Tommy Hearns Got The Ball Rolling On The Bullshit Anti-Vaxx Conspiracy Theory Of Marvin Hagler’s Death
1:41 PM EDT on March 16, 2021
Kay Hagler announced the death of her husband, boxing legend Marvelous Marvin Hagler, on the morning of March 14. The following morning, while the world was still processing the sudden news, Kay was back on Facebook, this time to explain that no, her husband had in fact not died from complications caused by the COVID-19 vaccine, describing suggestions to the contrary as "stupid" and "nonsense."
Clearing up cause-of-death misinformation is for sure not what you want to be doing really ever, let alone within 48 hours of the death of your spouse. It was a since-deleted Instagram comment just hours before Hagler's death, from none other than Thomas "Hitman" Hearns, Marvelous Marvin's opponent in the greatest fight of either's career, that got the ball rolling on the viral rumor that Hagler's hospitalization was due to vaccine complications.
In a subsequent, also deleted Instagram post, Hearns asked that his comments not be used to fuel "an anti vaccine campaign," but this is online, and online is hell, and for a certain type of too-online nutjob nothing is juicier and more ripe for sharing than any pretext for puncturing the public's confidence in the ongoing distribution of COVID-19 vaccines. Hearns and Kay Hagler tried to stop the rumor, but that horse had already left the barn and disappeared over the horizon, as various ghouls too-readily grabbed up Hearns's comment and its subsequent sloppy aggregation, fixed it in their whole deranged culture-war cosmology, and beamed it out to as many followers as possible. Behold, some horseshit spewed by an asshole:
Huff, who has vowed to delete his Twitter account on March 14, 2022 unless all the people who receive COVID-19 vaccinations between now and then are "zombies or under complete government control," is one of thousands of social media users who've latched onto the belief that Hagler died because of a dose of COVID-19 vaccine. In the wee hours of Monday morning, a quiet little tug-of-war was waged over the content of Hagler's Wikipedia page, between editors concerned with provable facts and lunatics determined to bring this particular crusade to every possible theater.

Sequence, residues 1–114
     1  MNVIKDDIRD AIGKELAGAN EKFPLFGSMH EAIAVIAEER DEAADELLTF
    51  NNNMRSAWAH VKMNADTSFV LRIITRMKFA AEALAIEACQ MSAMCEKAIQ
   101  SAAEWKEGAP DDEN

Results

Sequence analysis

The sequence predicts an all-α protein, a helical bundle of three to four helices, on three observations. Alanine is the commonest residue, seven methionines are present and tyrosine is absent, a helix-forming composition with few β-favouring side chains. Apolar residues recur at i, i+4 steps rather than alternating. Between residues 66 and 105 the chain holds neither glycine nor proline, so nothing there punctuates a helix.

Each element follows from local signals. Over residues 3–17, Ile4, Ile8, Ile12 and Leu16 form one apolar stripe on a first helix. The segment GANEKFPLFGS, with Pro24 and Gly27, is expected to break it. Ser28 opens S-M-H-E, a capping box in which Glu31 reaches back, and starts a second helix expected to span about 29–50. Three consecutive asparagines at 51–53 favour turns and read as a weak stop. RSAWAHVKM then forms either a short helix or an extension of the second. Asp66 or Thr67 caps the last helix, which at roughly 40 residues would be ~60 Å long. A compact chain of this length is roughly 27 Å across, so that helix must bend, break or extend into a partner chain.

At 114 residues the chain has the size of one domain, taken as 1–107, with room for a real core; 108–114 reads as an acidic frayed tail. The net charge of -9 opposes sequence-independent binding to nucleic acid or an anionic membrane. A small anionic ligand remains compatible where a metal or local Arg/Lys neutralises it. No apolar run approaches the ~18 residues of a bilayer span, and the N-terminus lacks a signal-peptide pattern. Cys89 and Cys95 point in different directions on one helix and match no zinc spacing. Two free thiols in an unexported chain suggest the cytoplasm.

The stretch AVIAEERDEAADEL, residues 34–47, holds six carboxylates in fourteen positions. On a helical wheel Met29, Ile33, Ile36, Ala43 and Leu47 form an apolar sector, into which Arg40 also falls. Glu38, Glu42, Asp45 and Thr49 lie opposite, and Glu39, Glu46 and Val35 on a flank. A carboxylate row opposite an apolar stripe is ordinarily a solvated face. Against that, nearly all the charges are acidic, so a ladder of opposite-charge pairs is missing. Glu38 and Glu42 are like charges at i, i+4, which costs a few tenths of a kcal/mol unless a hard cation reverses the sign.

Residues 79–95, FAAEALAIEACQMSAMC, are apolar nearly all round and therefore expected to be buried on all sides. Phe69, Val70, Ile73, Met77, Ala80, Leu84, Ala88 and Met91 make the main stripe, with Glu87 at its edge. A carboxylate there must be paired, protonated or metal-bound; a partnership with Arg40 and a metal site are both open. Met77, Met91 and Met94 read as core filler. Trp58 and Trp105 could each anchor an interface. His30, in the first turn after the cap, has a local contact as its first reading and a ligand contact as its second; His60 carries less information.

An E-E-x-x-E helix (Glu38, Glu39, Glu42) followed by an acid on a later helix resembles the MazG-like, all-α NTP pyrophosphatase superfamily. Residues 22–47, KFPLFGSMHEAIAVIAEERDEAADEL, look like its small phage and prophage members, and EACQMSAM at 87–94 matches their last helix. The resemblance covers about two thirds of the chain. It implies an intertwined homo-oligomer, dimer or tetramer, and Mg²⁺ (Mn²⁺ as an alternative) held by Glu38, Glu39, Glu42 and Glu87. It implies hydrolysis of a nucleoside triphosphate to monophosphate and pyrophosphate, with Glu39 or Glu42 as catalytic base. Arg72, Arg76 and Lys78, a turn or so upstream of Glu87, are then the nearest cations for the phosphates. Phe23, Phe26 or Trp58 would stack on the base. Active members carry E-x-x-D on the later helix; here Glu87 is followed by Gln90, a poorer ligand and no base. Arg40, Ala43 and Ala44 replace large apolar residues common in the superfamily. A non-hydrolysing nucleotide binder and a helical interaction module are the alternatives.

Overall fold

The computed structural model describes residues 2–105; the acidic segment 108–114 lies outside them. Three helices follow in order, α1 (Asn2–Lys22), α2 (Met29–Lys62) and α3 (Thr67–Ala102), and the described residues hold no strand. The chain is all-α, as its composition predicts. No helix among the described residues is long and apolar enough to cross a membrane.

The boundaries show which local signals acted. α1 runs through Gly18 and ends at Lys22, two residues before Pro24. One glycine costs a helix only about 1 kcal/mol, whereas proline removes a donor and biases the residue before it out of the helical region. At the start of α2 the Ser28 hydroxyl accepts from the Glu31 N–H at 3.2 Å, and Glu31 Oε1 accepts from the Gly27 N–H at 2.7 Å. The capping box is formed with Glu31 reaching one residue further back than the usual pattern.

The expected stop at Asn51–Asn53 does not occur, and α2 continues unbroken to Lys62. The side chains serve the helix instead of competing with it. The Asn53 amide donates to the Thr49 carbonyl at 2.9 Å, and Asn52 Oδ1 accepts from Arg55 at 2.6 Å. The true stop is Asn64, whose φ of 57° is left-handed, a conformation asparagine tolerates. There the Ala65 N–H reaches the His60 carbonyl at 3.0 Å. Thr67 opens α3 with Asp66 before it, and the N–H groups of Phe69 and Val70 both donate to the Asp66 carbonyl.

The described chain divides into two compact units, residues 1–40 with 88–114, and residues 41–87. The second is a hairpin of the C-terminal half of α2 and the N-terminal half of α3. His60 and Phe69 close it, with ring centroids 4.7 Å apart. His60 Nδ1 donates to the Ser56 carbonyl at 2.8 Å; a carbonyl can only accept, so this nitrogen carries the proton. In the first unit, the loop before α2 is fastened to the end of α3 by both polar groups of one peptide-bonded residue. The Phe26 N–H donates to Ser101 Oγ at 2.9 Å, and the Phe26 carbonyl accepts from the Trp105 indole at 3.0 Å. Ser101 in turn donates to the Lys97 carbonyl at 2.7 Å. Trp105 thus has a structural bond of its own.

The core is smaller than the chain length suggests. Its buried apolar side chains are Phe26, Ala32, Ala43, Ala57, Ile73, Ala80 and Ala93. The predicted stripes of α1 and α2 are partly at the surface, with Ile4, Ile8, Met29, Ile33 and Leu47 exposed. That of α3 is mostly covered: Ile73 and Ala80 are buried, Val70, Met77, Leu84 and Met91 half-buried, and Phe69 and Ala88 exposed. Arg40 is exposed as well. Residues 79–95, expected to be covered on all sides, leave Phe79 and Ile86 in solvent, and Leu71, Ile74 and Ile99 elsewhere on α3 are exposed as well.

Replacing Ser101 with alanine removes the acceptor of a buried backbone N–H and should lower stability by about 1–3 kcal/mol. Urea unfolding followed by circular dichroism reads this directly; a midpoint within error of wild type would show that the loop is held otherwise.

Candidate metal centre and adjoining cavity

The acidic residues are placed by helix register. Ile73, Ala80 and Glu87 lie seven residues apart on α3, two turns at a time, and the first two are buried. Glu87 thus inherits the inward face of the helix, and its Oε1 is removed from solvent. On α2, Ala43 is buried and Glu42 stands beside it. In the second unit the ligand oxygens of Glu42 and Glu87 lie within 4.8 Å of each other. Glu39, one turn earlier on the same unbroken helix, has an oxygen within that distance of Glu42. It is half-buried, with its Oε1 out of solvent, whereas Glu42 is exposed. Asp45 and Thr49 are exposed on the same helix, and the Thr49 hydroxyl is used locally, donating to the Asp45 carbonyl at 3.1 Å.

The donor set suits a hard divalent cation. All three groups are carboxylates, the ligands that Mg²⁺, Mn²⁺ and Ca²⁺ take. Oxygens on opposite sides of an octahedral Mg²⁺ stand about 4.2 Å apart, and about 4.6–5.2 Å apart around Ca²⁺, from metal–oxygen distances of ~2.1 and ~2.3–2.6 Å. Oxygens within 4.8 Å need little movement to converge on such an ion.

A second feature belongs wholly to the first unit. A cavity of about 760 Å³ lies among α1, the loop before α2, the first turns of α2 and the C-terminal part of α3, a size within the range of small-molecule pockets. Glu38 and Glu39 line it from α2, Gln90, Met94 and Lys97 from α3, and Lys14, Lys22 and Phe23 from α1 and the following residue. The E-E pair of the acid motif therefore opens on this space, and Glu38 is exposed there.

There is no evidence that Hagler even received a COVID-19 vaccine yet (let alone which one), but there is a mountain of evidence that millions and millions have received them with no serious adverse effects.
But this has now become a whole thing. A Twitter search of the words "Hagler" and "vaccine" will turn up just an endless scroll of people either triumphantly blasting this unsubstantiated version of Hagler's death to their followers or receiving this rumor as fact. In a country where vaccine hesitancy is a real problem, this sucks even more shit than usual. Making things more depressing—while possibly letting Hearns off the hook—is that just about any elderly celebrity who dies this winter and spring from natural causes will have a good chance of having recently been vaccinated, and will be used as fodder for the anti-vaxx charlatans and imbeciles; the conspiracy theory doesn't need a seed to be planted, not among those already rabid to disbelieve the science.
There has been no official update on the cause of Hagler's death, but at this point almost nothing short of an attack on camera by space aliens will upend the vaccine narrative in the minds of people desperate or stupid or cynical enough to believe it.